$125,000
2013 Fiscal Year Funding Amount
$125,000


PROJECT OVERVIEW

Aitkin
Beltrami
Carlton
Cass
Clearwater
Cook
Crow Wing
Hubbard
Isanti
Itasca
Kanabec
Koochiching
Lake
Lake of the Woods
Mille Lacs
Pine
St. Louis
Wadena
Recipient
MN DNR
2017 Fiscal Year Funding Amount
$329,000
Becker
Big Stone
Blue Earth
Brown
Chippewa
Clay
Cottonwood
Dodge
Douglas
Faribault
Freeborn
Grant
Jackson
Kandiyohi
Kittson
Lac qui Parle
Lincoln
Lyon
Mahnomen
Marshall
Martin
McLeod
Meeker
Mower
Murray
Nicollet
Nobles
Norman
Otter Tail
Pennington
Pipestone
Polk
Pope
Red Lake
Redwood
Renville
Rock
Roseau
Sibley
Stearns
Steele
Stevens
Swift
Traverse
Waseca
Watonwan
Wilkin
Yellow Medicine
Recipient
BWSR
2010 Fiscal Year Funding Amount
$400,000

The Minnesota Soil Survey is an ongoing effort by the Board of Water and Soil Resources (BWSR) in cooperation with the U.S. Department of Agriculture's Natural Resources Conservation Service (NRCS) that is systematically collecting and mapping data pertaining to soil types and other soil properties in each county of the state. Soils data is used by governments, farmers, and other businesses for a number of purposes from protection and restoration of soil, water, wetlands, and habitats to agricultural soil management to building construction.

Cook
Crow Wing
Isanti
Koochiching
Lake
Pine
Recipient
MN DNR
2010 Fiscal Year Funding Amount
$250,000

Native trout require clean, cold water that usually originates from springs, but the springs feeding the 173 designated trout streams in southeastern Minnesota are under increasing pressure from current and expected changes in land use. This joint effort by the University of Minnesota and the Minnesota Department of Natural Resources is working to identify and map the springs and the areas that feed water to these springs and to learn how these waters might be affected by development and water use.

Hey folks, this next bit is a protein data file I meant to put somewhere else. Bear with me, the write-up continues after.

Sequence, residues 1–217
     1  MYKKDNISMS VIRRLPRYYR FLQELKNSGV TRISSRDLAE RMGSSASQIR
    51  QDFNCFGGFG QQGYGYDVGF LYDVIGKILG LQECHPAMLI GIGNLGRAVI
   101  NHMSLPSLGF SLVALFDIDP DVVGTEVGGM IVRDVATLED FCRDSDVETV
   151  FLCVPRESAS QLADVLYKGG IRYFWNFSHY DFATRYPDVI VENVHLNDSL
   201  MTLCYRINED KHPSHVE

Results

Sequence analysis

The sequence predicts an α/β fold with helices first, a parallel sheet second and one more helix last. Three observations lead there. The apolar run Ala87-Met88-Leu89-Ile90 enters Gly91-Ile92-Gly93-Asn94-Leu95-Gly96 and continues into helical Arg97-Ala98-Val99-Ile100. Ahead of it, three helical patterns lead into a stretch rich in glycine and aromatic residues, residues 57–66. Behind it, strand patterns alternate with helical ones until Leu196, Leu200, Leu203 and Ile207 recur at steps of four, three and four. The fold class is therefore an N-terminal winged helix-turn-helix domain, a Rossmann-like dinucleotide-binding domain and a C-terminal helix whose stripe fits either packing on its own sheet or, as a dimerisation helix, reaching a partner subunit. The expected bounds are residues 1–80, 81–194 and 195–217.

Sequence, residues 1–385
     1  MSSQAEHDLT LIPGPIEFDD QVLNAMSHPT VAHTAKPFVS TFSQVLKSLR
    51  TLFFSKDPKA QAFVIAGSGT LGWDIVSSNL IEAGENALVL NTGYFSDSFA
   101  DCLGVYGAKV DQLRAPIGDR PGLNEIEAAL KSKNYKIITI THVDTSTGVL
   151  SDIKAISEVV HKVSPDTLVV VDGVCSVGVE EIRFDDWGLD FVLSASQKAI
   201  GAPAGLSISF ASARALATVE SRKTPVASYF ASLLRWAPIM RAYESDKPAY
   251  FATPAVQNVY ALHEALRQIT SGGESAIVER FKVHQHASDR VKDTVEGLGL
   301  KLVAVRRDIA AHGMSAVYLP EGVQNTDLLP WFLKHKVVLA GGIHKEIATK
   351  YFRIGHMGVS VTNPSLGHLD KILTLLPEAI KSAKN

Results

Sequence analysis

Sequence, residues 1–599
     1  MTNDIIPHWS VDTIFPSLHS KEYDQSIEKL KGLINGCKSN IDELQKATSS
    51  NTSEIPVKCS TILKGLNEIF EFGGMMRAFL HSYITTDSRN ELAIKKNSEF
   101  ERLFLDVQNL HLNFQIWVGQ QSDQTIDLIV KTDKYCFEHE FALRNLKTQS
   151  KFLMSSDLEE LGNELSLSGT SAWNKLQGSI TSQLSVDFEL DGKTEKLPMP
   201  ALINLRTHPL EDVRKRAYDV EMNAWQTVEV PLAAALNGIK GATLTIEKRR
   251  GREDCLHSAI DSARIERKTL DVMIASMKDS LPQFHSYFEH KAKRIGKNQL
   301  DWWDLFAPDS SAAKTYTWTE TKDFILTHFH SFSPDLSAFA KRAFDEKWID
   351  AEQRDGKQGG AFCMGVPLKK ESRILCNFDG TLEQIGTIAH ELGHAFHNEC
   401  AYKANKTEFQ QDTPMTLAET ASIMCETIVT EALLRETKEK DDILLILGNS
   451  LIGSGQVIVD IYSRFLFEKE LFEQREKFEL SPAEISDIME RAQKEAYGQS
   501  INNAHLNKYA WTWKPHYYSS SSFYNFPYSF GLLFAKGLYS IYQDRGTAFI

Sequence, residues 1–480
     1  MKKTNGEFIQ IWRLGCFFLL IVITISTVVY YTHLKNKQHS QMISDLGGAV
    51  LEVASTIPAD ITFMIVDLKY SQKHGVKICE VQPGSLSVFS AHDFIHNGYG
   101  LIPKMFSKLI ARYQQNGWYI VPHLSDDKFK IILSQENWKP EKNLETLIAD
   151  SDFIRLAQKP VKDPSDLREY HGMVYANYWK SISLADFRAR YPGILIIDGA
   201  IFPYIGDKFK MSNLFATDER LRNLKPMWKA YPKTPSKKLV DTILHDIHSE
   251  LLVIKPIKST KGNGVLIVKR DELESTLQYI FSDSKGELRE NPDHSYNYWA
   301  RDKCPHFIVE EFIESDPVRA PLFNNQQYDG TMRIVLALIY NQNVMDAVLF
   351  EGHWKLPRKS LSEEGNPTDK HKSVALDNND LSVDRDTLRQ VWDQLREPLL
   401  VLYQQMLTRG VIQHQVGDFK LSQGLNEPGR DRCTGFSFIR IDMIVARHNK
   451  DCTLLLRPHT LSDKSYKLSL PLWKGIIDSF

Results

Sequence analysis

Dakota
Dodge
Fillmore
Goodhue
Hennepin
Houston
Mower
Olmsted
Ramsey
Scott
Wabasha
Washington
Winona
Recipient
MN DNR
2014 Fiscal Year Funding Amount
$1,000,000

Over the past 100 years, about half of Minnesota’s original 22 million acres of wetlands have been drained or filled. Some regions of the State have lost more than 90 percent of their original wetlands. The National Wetland Inventory, a program initiated in the 1970s, is an important tool used at all levels of government and by private industry, non-profit organizations, and private landowners for wetland regulation and management, land management and conservation planning, environmental impact assessment, and natural resource inventories.

Beltrami
Cook
Itasca
Kittson
Koochiching
Lake
Lake of the Woods
Mahnomen
Marshall
Norman
Pennington
Polk
Red Lake
Roseau
St. Louis
Recipient
DNR
2011 Fiscal Year Funding Amount
$1,100,000

PROJECT OVERVIEW

Anoka
Carver
Chisago
Cook
Dakota
Goodhue
Hennepin
Isanti
Lake
Ramsey
Rice
Scott
Sherburne
St. Louis
Washington
Wright
Recipient
USGS
2010 Fiscal Year Funding Amount
$297,000

Endocrine disrupting contaminants are chemicals that may interfere with natural hormones in humans and wildlife and produce adverse developmental, reproductive, neurological, and immune effects. These chemicals occur in a variety of everyday products, including pharmaceuticals, plastics, detergents, flame retardants, cosmetics, and pesticides. As these chemicals get discharged into the environment, humans and wildlife are exposed. The U.S. Geological Survey and St.

Ramsey